Part I – Immigration
Year after year, International Living, Forbes, and hundreds of other publications release a list of the best places to retire. Do you believe that one retirement destination fits all? Where you spend your golden years is an extremely personal and variable. One expat-to-be may place a warm climate at the top of their list. Another places cost of healthcare above all. Ever since I published Becoming an Expat: Costa Rica, the questions have poured in.Where can he/she find good quality healthcare, where is the best place to bring a young family, where are the job opportunities best, where is the safest international destination, how much does it really cost, and so on. Once I released the upcoming publication date of Becoming an Expat: Ecuador I noticed something interesting.
There was a huge interest from Costa Rican expats!
The beginnings of a rivalry has since ensued. There are Costa Rican expats that are adamant pura vida life in Costa Rica is far superior than their South American counterparts. Other expats in Ecuador are happy that their affordable wonderland has not been inundated with North Americans who will invariable drive up the cost of living, just as they have done in Costa Rica.
There is no country fits all, however, this article series will provide some basic information so, you the expat-to-be can decide which country may be best for you, and where to place your energies.
Costa Rica Pros
Depending on your type of residency, the first two years only require you to stay in country for four to six months. After you have secured permanent residency (which you are eligible for after two years of temporary residency) you only need to step foot in Costa Rica one day a year to maintain residency.
Costa Rica Cons
The expat movement of today has an increasing number of young professionals, families, and 20 somethings. Generations X and Y are bringing an international life into grasp. Since, they usually don’t come into Costa Rica with a pension, life annuity, or tens of thousands of dollars to lay down, immigration can pose a problem. More often, they are left with one legal option to stay and work in Costa Rica, start a business. For those who aren’t entrepreneur material, they are left in flux.
Immigration in Costa Rica is a process that will cultivate a new found patience or a madness of furry. The process averages 8 months and the cost ranges from $1000-$3000 depending on your attorney. It is incredibly difficult to accomplish without an attorney.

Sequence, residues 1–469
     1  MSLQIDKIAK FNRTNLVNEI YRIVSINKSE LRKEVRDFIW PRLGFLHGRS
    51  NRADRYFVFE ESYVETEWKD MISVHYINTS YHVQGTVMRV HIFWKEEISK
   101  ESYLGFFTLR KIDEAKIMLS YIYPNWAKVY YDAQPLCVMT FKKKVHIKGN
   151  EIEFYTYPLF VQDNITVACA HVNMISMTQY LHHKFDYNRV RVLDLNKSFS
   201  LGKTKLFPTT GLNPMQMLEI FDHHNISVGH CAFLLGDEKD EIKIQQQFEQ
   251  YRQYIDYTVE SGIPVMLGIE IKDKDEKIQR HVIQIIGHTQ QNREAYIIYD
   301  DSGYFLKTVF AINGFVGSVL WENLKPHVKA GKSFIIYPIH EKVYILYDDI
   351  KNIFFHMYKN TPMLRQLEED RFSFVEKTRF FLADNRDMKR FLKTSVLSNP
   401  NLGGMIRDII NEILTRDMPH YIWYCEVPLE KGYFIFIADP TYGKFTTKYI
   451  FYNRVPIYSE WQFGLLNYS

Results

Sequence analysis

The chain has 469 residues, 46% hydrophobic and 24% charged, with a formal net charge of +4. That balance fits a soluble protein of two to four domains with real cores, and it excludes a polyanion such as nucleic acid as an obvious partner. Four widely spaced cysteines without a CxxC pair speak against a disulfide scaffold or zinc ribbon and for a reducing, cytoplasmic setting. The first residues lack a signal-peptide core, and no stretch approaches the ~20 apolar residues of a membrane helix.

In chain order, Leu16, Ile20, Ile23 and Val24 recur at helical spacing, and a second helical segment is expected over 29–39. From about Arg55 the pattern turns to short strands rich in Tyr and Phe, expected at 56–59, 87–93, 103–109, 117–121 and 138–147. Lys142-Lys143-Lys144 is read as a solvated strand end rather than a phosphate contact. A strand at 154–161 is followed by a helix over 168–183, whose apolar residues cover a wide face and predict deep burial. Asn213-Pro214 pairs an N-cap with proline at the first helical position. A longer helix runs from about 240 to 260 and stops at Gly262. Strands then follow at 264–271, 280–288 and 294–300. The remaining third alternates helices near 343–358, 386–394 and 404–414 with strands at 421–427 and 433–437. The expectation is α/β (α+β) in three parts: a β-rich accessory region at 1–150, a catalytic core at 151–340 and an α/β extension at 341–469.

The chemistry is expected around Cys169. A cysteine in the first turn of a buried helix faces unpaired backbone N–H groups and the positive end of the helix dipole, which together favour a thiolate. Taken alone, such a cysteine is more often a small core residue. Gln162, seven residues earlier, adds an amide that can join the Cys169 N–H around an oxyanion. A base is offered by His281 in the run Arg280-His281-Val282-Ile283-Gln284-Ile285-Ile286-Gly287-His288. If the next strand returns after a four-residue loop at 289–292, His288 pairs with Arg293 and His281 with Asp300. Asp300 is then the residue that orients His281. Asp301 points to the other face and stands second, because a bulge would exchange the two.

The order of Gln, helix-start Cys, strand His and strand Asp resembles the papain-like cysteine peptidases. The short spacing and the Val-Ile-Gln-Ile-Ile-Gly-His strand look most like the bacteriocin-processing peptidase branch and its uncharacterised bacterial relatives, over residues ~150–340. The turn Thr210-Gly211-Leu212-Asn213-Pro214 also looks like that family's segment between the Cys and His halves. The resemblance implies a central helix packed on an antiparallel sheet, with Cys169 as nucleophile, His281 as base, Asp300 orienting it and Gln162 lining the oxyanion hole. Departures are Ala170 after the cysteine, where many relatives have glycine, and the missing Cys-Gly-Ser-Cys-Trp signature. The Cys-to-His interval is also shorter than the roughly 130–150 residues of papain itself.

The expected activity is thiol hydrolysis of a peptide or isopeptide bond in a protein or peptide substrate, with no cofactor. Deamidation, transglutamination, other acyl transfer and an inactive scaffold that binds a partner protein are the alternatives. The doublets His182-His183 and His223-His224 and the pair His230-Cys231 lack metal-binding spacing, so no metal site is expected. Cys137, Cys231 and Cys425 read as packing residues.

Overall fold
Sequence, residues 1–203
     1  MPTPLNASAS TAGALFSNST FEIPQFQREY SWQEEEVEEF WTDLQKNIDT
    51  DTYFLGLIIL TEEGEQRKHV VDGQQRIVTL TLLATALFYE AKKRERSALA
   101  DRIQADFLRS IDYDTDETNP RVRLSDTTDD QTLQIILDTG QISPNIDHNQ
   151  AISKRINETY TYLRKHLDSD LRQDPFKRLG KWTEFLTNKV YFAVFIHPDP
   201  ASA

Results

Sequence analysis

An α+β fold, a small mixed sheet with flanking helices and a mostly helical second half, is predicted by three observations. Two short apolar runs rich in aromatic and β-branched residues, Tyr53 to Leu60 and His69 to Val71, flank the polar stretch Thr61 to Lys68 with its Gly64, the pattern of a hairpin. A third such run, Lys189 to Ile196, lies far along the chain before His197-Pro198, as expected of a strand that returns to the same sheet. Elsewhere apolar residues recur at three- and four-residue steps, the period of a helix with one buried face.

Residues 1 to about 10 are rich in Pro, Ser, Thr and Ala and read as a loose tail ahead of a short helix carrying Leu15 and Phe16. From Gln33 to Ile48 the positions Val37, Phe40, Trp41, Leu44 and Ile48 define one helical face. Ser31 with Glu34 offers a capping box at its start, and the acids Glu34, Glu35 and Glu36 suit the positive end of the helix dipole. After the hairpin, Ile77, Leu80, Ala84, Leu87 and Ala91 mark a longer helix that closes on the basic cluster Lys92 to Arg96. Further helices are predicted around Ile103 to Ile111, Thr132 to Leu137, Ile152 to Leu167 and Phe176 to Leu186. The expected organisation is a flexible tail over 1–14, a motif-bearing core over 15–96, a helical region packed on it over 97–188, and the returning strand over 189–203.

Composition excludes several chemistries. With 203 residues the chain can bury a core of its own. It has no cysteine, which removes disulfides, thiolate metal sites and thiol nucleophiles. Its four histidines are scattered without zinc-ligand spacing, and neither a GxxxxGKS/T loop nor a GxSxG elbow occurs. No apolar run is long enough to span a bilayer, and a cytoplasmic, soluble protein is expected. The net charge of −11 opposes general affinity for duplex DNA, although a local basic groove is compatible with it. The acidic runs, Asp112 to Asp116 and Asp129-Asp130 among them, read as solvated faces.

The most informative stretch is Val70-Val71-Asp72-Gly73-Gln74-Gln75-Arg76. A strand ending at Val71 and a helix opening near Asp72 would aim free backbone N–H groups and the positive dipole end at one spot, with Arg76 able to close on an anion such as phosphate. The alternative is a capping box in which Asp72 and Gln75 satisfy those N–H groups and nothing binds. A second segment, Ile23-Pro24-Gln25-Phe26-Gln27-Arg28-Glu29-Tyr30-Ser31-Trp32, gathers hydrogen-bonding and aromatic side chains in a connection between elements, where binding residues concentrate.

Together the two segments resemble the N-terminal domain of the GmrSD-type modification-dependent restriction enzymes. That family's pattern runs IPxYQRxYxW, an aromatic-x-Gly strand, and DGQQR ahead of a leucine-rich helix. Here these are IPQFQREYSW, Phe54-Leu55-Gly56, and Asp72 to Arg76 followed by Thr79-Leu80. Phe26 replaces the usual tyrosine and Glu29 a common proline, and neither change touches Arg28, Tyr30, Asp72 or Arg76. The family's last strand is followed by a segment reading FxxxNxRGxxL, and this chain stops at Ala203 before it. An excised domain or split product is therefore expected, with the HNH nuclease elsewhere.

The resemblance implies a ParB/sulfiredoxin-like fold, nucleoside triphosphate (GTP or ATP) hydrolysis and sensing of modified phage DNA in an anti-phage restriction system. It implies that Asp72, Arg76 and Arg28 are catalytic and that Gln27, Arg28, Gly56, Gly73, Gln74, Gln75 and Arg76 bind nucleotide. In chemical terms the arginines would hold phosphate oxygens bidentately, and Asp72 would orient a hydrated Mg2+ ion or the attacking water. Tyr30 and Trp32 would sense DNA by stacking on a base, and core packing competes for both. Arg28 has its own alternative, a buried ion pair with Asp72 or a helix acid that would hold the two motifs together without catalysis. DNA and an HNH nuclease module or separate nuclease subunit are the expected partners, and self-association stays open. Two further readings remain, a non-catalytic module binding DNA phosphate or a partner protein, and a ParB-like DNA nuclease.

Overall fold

Ecuador’s immigration process is much most hospitable to both young and wise expat-to-bes. If you have a bachelors degree from an internationally understood college, you have a ticket in! I guess what your parents preached to you growing up was true, a bachelors degree really can make a difference!
Also, retirees with a pension, social security, annuity, or trust only need to make $800 per month instead of Costa Rica’s $1000 to qualify (however Ecuador requires you add $100 per month for each additional dependent).
Ecuador’s immigration process is fairly painless. The average wait time is LESS than 30 days! It is common to seek the counsel of a visa specialist who is often a veteran expat. No attorney is necessary! I know of someone who secured her cedula (residency card) after only two weeks!
Once you secure residency, you are not permitted to leave the country for more than 90 days per year. Every year after the first two rookie years cannot leave for longer than 18 consecutive months and retain your residency.
Depending on what is important to you either country could have won part one of this series. If your freedom to move about the world is your top concern then Ecuador’s more demanding presence may have turned you off. However, if you are a younger expat-to-be or impatient, Ecuador’s immigration could be more ideal for you.
For me, Ecuador wins the battle of most hospitable immigration for expats.
[imgr]http://www.expatfocus.com/images/other/columnists/becoming-an-expat-costa-rica-100×125.jpg[/imgr]Shannon is an international resident from San Diego, currently residing in Costa Rica. Her first career of 10 years was spent serving San Diego & Kansas City as a paramedic. After a back injury her life drastically changed, and an international door was opened. As an avid traveler, Shannon had visited over 27 countries by the age of 30. She quickly chose Costa Rica as her first destination proclaiming, "My whole body comes alive when I am there." In addition to writing, Shannon owns Enete Enterprises, LLC a video and print publication company that specializes in travel guidebooks and the creation of marketing videos for the tourism, hospitality, and real estate sectors. To learn more about Costa Rica, and how to become an expat see www.BecominganExpat.com.